Under the auspices of the Ohio Historical Society, this building serves as the state's first memorial to a composer..
This mid-19th-century home was owned by Benjamin Hanby, an abolitionist, teacher, minister and composer of 80 or so songs, who died at age 33 in 1867. One of his songs, "Up on the Housetop," remains a children's Christmas classic, and "Darling Nelly Gray" stoked abolitionist fervor in the late 1850s. Hanby based this well-known song on the true story of Joseph Selby, a runaway slave who died in 1842 while trying to reach Canada in hopes of making enough money to buy his sweetheart and fellow slave, Nelly Gray.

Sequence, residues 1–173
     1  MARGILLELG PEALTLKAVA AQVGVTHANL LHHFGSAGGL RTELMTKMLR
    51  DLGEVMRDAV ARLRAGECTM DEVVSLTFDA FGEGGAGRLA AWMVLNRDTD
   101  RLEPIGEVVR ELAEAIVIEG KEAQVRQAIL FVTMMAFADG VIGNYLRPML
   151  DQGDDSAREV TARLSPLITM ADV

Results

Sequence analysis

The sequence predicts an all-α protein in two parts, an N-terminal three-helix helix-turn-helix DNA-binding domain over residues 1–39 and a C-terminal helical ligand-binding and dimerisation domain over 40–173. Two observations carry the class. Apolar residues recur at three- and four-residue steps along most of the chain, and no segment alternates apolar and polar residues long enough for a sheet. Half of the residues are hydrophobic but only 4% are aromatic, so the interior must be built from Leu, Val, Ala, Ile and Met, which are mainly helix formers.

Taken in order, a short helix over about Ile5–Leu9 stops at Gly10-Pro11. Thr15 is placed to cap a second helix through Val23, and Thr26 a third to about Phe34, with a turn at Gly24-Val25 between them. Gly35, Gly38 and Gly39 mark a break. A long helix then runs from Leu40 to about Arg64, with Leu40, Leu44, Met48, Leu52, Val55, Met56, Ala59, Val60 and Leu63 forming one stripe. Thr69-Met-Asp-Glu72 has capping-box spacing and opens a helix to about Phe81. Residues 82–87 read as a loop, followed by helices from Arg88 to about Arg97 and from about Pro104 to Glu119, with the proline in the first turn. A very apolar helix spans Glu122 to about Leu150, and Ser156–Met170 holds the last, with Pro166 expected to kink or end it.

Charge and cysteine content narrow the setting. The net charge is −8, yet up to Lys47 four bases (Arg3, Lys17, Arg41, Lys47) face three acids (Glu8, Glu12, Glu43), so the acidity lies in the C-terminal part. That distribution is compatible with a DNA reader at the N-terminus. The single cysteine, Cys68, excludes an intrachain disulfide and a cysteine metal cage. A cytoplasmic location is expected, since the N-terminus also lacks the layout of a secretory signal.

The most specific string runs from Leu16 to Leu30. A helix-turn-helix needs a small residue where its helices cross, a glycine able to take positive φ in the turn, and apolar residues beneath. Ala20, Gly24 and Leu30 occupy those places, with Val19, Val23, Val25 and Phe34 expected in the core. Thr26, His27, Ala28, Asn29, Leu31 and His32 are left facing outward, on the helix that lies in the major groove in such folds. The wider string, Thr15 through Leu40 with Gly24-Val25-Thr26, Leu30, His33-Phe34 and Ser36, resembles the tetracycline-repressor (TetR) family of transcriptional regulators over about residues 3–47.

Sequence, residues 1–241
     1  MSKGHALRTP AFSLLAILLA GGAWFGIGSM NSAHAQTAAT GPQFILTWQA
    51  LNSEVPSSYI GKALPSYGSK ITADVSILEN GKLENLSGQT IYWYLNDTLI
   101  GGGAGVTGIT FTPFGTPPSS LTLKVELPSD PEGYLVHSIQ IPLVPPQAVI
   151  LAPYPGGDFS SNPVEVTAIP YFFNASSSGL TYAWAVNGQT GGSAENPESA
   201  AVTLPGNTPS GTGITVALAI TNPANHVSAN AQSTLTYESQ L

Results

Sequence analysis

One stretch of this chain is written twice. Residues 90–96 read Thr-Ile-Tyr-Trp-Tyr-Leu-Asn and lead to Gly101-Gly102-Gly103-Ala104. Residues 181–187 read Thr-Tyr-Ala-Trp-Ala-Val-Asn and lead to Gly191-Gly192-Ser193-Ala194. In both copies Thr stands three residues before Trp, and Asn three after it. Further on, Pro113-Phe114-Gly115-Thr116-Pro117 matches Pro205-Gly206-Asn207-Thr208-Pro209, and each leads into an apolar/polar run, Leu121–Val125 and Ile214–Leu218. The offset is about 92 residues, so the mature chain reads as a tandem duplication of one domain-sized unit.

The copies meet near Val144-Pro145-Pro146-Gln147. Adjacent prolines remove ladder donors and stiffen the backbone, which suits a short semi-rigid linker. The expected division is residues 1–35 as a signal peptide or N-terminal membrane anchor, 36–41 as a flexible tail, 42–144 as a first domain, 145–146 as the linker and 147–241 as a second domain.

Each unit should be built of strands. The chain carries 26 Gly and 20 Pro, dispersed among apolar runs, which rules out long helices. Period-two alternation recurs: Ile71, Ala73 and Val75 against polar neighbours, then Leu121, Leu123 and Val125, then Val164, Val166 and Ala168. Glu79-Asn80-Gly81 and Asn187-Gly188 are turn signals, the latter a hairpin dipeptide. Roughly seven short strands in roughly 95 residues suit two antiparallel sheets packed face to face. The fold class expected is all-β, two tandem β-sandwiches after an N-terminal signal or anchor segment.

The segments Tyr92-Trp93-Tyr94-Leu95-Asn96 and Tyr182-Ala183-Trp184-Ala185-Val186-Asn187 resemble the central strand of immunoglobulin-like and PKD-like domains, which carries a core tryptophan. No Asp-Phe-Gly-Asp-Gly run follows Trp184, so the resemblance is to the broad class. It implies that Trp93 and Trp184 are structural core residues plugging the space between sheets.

Hanby House is listed on the National Register of Historic Places and contains many pieces of Hanby's furniture and personal items, including his rosewood Hazelton Square piano and the original plates for the composition of "Darling Nelly Gray." The house also served as a stop on Ohio's Underground Railroad.
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